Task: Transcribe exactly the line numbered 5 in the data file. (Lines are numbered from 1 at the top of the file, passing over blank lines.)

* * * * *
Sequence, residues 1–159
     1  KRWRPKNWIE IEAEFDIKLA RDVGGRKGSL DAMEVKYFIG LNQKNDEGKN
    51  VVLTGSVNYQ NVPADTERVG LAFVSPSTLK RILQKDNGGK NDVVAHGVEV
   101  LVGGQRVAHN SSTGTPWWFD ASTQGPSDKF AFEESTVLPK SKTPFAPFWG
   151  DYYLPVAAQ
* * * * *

   151  DYYLPVAAQ